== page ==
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Reduce, Reuse, Recycle, Repair and Repurpose

Reduce, Reuse, Recycle, Repair and Repurpose

They say all goods things must come to an end - but not if we can help it! Introducing the 5 R’s of Fashion that extend the life of your garment and reduces your carbon footprint *drum roll*: Reduce, Reuse, Repair, Re-purpose and Recycle.


The average shopper buys 68 new garments every year. That's at least 1 piece per week. And heck, why wouldn't you when the prices are so low, and the ads of the laughing beautiful women look so effortlessly cool. Maybe I could be effortlessly cool? Maybe I could be effortlessly cool for $19.95?

To produce new clothing, the industry pumps out 4 billion kgs of carbon emissions every year - that's 8% of global greenhouse emissions. YIKES. So the single best thing we can do for the planet is to consume less and reuse more.

If you happen to be one of the 68-garments-per-year shoppers, if you buy less, the money you save can still be used towards clothing if that is what you like and enjoy, but now you can buy goods that you really like, actually fit (guilty), and will last.


The average wear of a garment is 7 times. But it has been said that if you can extend the life of a garment by even one year you can reduce its carbon footprint by 25%. I recently read about The 30 Year Jumper which admittedly made me realise the limited lifespan I give my clothes. If I bought for the next year, or the next ten, I think what I would buy would change. I might even own nicer things?

There is a saying that says "the most ethical outfit you own is what is already in your wardrobe". For most of us, what we own is enough. When you buy less and choose to re-wear what you own, it causes you to be creative with what you have - You are your own stylist!

If you are in the game of reducing your carbon footprint, then 're-use' your worn clothing. That is, wash your clothes less! An average household does around 5-6 loads of laundry per week which creates 26kg of carbon emissions. Some tips: Air out, spot clean, sun bleach, air dry, and wash in cold water - this reduces your carbon emissions by 10%!


Across the industry, only 15% of all discarded clothes are re-sold. It's estimated that 100 million kilograms of textile waste is dumped in New Zealand landfills. And it's estimated that around 10 million garments that have a lot of life left end up in landfill every year.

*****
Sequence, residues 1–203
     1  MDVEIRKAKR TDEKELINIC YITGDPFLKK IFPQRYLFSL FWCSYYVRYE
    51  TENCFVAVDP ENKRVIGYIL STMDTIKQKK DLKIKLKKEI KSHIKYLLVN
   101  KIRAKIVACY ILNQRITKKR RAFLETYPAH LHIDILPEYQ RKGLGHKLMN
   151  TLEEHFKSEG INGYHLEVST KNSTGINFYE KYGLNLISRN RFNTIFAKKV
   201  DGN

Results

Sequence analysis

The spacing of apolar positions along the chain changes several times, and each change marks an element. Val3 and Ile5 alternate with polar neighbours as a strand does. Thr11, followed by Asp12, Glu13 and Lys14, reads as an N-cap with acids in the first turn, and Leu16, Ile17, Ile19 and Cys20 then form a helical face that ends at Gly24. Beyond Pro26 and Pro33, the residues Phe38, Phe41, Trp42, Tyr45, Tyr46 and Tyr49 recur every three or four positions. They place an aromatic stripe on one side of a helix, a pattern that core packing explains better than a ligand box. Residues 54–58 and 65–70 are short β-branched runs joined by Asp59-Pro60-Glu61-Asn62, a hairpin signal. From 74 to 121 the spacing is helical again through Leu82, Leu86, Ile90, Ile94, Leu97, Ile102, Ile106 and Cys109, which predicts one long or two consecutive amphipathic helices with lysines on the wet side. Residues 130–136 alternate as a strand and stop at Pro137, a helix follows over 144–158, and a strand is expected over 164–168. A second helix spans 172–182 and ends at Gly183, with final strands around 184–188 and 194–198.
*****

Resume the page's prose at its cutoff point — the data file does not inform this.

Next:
So shopping secondhand (in all areas, not just clothing) eliminates your carbon footprint by 60-70% because you are eliminating the carbon emitted when it was being manufactured! You can get strategic with your choices, like choosing to buy goods like denim jeans secondhand because they have 4-5 times the carbon impact of a T-Shirt.

Buying second-hand means that you get to eject yourself from the wasteful narrative and capitalist system we are born into and makes you feel like the Green Queen you are, as you hold on to your money, exchange your clothing and retain your power.


Think of those stories your mum and dad told you about hand-me-downs lasting between siblings. How your grandparents would craft jumpers, sew up holes, and buttons, and refuse to buy things new because they could see the life left in them. But now, when a garment is damaged, the easiest thing to do is replace it. It's wild to live in a time where it's cheaper to buy new than to repair it (I'm looking at you home printers). Replacing is cheap for me, but costly for papatūānuku.

When we are out sourcing clothing for you, we see great clothing covered in years of negligent; Stains, holes, broken zips, no buttons, etc. So we take them home and repair them labeling them "Saved From Landfill". We consciously adjust, tweak and reinvent clothing to make it last for you. But saving it feels so good for us! And we know you will feel that satisfaction too.


All good things must come to an end. Our clothes will eventually break, or become stained beyond repair, but the textile is still good for other things.

Rag factories turn textiles in to mattresses, carpet underlay and provide rags for businesses like mechanics. Some local brands and designers are re-purposing materials, such as recycled wool to create insulation for homes (does anyone else find that as interesting as I do?)

But you can be your own rag factory! There are so many good craft projects to re-purpose your fabrics - my favourite being a rag rug. But heck. You might not be crafty and that is totally okay! If you have a natural fabric (silk/wool/cotton/leather) that is no longer usable, why not bury her in your garden. You'll within 6-18 months that baby totally disappear.

Previous article The Crushes "Saved From Landfill" Project
Next article "Made in Bangladesh"; Inside a Bangladesh garment factory by Alisha Siraj

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